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URL to article: https://www.gardeningknowhow.com/ornamental/flowers/fgen/winter-sowing-flower-seeds.htm

URLs in this post:

[1] homemade greenhouses: https://www.gardeningknowhow.com/special/greenhouses/greenhouse-gardening.htm

[2] commercial potting mixture: https://www.gardeningknowhow.com/garden-how-to/soil-fertilizers/types-of-potting-soil.htm

[3] perlite: https://www.gardeningknowhow.com/garden-how-to/soil-fertilizers/perlite-potting-soil.htm

[4] peat moss: https://www.gardeningknowhow.com/garden-how-to/soil-fertilizers/peat-moss-information.htm

[5] seed package: https://www.gardeningknowhow.com/garden-how-to/seeds/seed-packet-information.htm

[6] perennials: https://www.gardeningknowhow.com/garden-how-to/info/perennial-garden-plants.htm

[7] annuals: https://www.gardeningknowhow.com/garden-how-to/info/annual-plant-cycle.htm

[8] herbs: https://www.gardeningknowhow.com/edible/herbs/

[9] vegetables,: https://www.gardeningknowhow.com/edible/vegetables/

[10] Bachelor buttons: https://www.gardeningknowhow.com/ornamental/flowers/bachelor-buttons/growing-bachelor-buttons.htm

[11] Delphinium: https://www.gardeningknowhow.com/ornamental/flowers/delphinium/growing-delphinium-plants.htm

[12] Evening primrose: https://www.gardeningknowhow.com/ornamental/flowers/evening-primrose/yellow-evening-primrose-plant-wildflower-in-the-garden.htm

[13] Poppies: https://www.gardeningknowhow.com/ornamental/flowers/poppy/growing-poppy-flowers.htm

[14] Nicotiana: https://www.gardeningknowhow.com/ornamental/flowers/nicotiana/growing-nicotiana.htm

[15] Calendula: https://www.gardeningknowhow.com/ornamental/flowers/calendula/growing-calendula.htm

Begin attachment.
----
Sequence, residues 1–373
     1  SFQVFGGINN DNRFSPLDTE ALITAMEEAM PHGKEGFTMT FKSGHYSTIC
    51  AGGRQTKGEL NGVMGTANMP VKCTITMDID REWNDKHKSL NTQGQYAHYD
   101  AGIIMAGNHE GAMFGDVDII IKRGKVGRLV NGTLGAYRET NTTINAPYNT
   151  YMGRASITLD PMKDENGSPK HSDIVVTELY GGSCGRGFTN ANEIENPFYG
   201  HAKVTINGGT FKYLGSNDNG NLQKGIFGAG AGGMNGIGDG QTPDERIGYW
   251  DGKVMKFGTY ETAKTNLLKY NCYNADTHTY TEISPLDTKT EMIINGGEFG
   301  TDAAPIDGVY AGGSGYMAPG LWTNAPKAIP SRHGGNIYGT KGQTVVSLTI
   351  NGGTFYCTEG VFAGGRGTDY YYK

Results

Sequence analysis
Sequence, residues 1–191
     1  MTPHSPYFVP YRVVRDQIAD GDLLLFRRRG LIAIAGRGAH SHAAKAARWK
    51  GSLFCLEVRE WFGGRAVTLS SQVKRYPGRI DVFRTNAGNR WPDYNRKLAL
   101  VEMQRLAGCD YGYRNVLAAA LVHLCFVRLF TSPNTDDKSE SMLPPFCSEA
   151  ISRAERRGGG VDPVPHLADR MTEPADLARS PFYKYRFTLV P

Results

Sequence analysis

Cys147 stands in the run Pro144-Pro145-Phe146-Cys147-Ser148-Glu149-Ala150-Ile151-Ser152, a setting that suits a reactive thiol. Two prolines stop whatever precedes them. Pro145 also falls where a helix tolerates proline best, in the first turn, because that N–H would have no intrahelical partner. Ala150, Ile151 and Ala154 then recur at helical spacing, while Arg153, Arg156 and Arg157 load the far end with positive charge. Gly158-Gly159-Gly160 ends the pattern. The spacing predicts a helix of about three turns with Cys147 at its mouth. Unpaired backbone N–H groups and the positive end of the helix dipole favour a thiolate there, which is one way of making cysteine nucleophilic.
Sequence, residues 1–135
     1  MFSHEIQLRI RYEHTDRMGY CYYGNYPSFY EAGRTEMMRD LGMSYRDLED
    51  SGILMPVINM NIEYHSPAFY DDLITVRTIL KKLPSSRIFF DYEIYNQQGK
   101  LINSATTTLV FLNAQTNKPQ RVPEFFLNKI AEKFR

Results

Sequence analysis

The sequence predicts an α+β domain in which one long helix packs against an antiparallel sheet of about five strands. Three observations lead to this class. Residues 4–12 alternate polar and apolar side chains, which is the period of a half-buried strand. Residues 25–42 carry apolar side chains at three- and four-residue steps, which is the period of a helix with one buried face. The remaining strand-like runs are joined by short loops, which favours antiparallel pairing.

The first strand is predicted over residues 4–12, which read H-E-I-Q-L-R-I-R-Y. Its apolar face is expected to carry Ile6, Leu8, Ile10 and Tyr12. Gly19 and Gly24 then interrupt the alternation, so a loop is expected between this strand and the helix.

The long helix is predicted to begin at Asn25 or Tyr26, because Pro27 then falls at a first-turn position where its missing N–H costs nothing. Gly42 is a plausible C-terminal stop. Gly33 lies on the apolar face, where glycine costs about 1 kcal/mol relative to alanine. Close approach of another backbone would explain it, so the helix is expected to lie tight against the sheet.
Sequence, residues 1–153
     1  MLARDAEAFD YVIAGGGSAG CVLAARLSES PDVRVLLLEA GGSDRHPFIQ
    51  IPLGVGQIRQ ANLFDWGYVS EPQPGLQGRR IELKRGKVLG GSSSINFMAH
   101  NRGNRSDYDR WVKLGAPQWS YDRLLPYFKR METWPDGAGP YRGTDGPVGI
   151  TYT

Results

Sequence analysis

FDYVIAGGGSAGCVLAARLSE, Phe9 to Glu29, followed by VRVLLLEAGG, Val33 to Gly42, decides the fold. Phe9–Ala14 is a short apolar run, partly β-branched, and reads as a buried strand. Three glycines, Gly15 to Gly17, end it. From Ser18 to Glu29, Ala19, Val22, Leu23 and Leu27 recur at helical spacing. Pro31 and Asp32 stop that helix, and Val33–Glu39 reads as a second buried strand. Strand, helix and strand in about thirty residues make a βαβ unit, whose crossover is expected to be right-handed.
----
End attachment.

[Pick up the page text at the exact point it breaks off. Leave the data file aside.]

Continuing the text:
[16] Violas: https://www.gardeningknowhow.com/ornamental/bulbs/violet/wild-violets-care.htm

[17] Spinach: https://www.gardeningknowhow.com/edible/vegetables/spinach/how-to-grow-spinach.htm

[18] Brussels sprouts: https://www.gardeningknowhow.com/edible/vegetables/brussels-sprouts/how-to-grow-brussel-sprouts.htm

[19] Kale: https://www.gardeningknowhow.com/edible/vegetables/kale/growing-kale.htm

[20] carrots: https://www.gardeningknowhow.com/edible/vegetables/carrot/how-to-grow-carrots.htm

[21] bok choy: https://www.gardeningknowhow.com/edible/vegetables/bok-choy/planting-bok-choy.htm

[22] beets: https://www.gardeningknowhow.com/edible/vegetables/beets/growing-beets.htm

[23] Petunias: https://www.gardeningknowhow.com/ornamental/flowers/petunia/petunia-care.htm

[24] Cosmos: https://www.gardeningknowhow.com/ornamental/flowers/cosmos/growing-cosmos.htm

[25] Zinnias: https://www.gardeningknowhow.com/ornamental/flowers/zinnia/growing-zinnia-flowers.htm

[26] Impatiens: https://www.gardeningknowhow.com/ornamental/flowers/impatiens/growing-impatiens-flowers.htm

[27] Marigolds: https://www.gardeningknowhow.com/ornamental/flowers/marigold/growing-marigold-flowers.htm

[28] tomatoes: https://www.gardeningknowhow.com/edible/vegetables/tomato/tips-for-growing-tomatoes.htm